London-based designer Selene Sarı has created an air-purifier called Vox Aeris that is also designed to work as a speaker.
The device’s dual-purpose is the result of three modes of operation – a cleaning mode, a listening mode and a Vox mode, which not only plays music but also cleans the air.
Vox Aeris purifies the air via a scientific process called agglomeration, which Sarı, explained is a method where particles group together, “much like how snowballs form”.
The agglomeration process is formed via turbulence, which is produced by a vortex created by the device’s internal fans and also by acoustics, created by low-frequency sounds from its speaker.
These methods push air particles into a recyclable “laser-engraved filter”, which then filters the air.
The dials on the device have a mix of speaker and purifier functions. A screen on the device’s top left displays the current environment’s air quality level and the dials on the bottom control the sound’s tone and volume level.
Vox Aeris can be plugged into the wall but it also has an internal battery that can be used as a portable speaker for outdoor use.
According to Sarı, we spend 90 per cent of our time indoors, which she says can be five times more polluted than outdoor environments.
During her research in developing Vox Aeris, Sarı found that there is a lack of awareness regarding air purification and how that impacts health.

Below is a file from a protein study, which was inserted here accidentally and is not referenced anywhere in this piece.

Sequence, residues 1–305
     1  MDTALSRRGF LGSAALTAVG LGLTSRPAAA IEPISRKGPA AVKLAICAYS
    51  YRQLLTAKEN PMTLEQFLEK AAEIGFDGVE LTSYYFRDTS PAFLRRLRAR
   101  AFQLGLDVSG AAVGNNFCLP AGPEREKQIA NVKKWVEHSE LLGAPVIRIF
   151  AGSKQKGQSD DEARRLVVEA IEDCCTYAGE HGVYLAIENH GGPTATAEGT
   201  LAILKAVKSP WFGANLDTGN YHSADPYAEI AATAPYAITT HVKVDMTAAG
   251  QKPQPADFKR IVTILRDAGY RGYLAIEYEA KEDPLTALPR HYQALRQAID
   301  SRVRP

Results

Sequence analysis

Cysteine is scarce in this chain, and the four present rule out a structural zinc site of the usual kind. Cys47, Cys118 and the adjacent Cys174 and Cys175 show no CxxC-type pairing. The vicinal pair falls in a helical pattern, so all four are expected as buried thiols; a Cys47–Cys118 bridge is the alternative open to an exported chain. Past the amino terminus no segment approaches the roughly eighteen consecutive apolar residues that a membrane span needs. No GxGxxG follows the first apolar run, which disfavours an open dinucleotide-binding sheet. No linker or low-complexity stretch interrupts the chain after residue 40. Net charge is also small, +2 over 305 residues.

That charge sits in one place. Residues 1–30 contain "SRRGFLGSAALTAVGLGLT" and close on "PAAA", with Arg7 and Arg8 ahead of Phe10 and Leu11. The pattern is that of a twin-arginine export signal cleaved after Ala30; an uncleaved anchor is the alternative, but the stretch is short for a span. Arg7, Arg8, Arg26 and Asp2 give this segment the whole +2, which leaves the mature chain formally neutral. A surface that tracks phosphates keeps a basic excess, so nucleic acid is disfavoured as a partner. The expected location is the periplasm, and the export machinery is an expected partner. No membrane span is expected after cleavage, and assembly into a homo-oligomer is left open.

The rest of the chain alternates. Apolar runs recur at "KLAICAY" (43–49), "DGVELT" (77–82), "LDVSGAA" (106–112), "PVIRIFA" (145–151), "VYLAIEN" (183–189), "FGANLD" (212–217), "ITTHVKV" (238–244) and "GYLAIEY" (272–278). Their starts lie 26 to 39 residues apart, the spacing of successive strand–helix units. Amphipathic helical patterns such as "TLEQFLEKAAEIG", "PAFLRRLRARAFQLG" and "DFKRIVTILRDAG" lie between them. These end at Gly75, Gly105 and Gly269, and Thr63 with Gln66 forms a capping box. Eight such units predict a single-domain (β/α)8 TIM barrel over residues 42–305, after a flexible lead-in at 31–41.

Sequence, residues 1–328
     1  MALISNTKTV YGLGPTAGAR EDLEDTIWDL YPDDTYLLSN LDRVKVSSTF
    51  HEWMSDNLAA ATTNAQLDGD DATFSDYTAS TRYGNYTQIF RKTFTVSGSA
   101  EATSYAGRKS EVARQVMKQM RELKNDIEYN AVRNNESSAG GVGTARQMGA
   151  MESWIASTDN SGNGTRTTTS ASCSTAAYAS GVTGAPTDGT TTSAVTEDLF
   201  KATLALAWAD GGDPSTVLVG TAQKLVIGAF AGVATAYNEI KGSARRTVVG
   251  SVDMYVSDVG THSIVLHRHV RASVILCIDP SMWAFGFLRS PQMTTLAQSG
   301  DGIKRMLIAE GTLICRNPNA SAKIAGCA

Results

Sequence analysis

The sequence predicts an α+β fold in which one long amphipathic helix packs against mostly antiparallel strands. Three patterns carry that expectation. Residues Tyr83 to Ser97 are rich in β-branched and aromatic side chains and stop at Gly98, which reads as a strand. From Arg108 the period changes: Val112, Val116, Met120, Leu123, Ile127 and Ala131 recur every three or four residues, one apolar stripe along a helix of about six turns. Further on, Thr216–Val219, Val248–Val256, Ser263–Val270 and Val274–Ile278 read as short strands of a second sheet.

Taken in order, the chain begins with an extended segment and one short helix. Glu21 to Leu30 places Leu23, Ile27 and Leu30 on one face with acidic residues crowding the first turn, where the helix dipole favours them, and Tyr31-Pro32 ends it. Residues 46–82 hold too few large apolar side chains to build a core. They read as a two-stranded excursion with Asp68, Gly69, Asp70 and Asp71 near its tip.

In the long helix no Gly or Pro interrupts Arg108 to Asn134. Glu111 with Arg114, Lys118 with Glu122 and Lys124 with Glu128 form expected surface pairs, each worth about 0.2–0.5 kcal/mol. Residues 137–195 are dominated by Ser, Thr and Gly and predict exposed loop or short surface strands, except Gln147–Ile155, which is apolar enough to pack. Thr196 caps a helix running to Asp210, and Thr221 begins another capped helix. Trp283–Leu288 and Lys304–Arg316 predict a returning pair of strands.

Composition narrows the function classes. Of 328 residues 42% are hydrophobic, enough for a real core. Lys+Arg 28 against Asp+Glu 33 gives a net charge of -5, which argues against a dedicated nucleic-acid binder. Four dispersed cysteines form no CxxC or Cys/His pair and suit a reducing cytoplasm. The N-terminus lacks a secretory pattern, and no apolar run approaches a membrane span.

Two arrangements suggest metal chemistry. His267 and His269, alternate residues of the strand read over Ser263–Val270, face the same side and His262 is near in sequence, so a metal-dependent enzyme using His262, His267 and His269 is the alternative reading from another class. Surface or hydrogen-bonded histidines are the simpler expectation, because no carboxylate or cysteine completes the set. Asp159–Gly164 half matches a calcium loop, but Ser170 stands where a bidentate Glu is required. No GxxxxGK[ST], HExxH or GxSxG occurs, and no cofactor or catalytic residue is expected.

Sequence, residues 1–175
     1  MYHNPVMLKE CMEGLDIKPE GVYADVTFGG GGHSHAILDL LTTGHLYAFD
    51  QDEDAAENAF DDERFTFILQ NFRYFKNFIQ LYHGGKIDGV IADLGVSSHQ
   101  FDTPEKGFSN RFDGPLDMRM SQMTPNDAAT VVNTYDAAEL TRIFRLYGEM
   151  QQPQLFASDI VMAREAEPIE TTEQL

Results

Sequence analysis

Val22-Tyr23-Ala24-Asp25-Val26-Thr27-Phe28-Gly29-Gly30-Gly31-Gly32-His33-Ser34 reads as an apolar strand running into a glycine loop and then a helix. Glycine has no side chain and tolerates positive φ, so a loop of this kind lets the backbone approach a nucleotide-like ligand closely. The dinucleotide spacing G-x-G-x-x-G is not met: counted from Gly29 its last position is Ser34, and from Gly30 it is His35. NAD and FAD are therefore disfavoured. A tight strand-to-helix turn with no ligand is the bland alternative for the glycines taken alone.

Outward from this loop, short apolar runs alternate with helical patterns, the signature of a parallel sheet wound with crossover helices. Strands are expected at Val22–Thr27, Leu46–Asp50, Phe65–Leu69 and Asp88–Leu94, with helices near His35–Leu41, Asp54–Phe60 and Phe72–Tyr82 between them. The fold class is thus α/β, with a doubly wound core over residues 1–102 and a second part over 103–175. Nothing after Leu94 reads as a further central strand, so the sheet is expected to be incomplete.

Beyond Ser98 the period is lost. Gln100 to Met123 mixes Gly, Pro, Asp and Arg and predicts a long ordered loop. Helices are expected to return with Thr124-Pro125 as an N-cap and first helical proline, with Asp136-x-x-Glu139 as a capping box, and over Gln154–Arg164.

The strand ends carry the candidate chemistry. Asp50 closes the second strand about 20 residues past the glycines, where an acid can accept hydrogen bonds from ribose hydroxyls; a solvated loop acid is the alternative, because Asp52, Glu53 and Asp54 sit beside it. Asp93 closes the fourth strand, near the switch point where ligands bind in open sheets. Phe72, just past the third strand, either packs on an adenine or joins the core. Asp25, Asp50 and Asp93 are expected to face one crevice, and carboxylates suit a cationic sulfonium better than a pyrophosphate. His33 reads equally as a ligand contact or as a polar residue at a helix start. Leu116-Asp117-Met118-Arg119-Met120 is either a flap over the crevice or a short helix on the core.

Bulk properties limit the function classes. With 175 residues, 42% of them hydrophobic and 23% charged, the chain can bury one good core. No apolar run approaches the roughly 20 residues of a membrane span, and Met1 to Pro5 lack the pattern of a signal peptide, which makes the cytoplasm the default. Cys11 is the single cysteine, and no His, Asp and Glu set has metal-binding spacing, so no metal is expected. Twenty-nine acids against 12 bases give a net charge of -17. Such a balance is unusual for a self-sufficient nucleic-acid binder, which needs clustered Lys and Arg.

“Temporal discounting for air purification is a significant factor deterring us from cleaning our indoor air,” she said.
“This is because even if our surroundings are filled with unsafe levels of particulate matter, they are completely invisible and their most dangerous effects ranging from Alzheimer’s to cancer typically show themselves in the long term, not immediately.”
Sarı aims to show that improving air quality can be seamlessly integrated into our lives to give us increased control over our health. The designer believes that through the design’s dual use, there is an opportunity to address a much larger audience and give more people a chance to breathe cleaner air.
“My aim is to change the perception we have about indoor air quality: cleaning our air should not be a luxury or a neglected chore, it should be something that is seamlessly integrated into our lives and give us control over the most frequent activity we do each day: breathing,” Sarı said.
“Vox Aeris cleanses the air through sound and music.”
According to Sarı, current air purifying solutions tend to be costly and have filters that are expensive to charge, non-recyclable or have an “unappealing medical device outlook”.
In comparison, Vox Aeris was designed to be affordable and also “engaging and approachable”. According to Sarı, it offers an alternative by using low-cost and recyclable fabric filters.
Other air purification projects featured on Dezeen include a wearable air purifier designed by tech company Respiray to fend off allergens and a set of headphones by Dyson that were designed to be used in urban environments to filter air pollution.